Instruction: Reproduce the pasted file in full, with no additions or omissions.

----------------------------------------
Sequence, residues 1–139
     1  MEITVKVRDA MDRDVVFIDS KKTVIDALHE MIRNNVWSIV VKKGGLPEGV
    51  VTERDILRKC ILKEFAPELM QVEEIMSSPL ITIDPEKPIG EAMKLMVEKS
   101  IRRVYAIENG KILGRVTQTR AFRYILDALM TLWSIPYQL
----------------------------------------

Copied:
Sequence, residues 1–139
     1  MEITVKVRDA MDRDVVFIDS KKTVIDALHE MIRNNVWSIV VKKGGLPEGV
    51  VTERDILRKC ILKEFAPELM QVEEIMSSPL ITIDPEKPIG EAMKLMVEKS
   101  IRRVYAIENG KILGRVTQTR AFRYILDALM TLWSIPYQL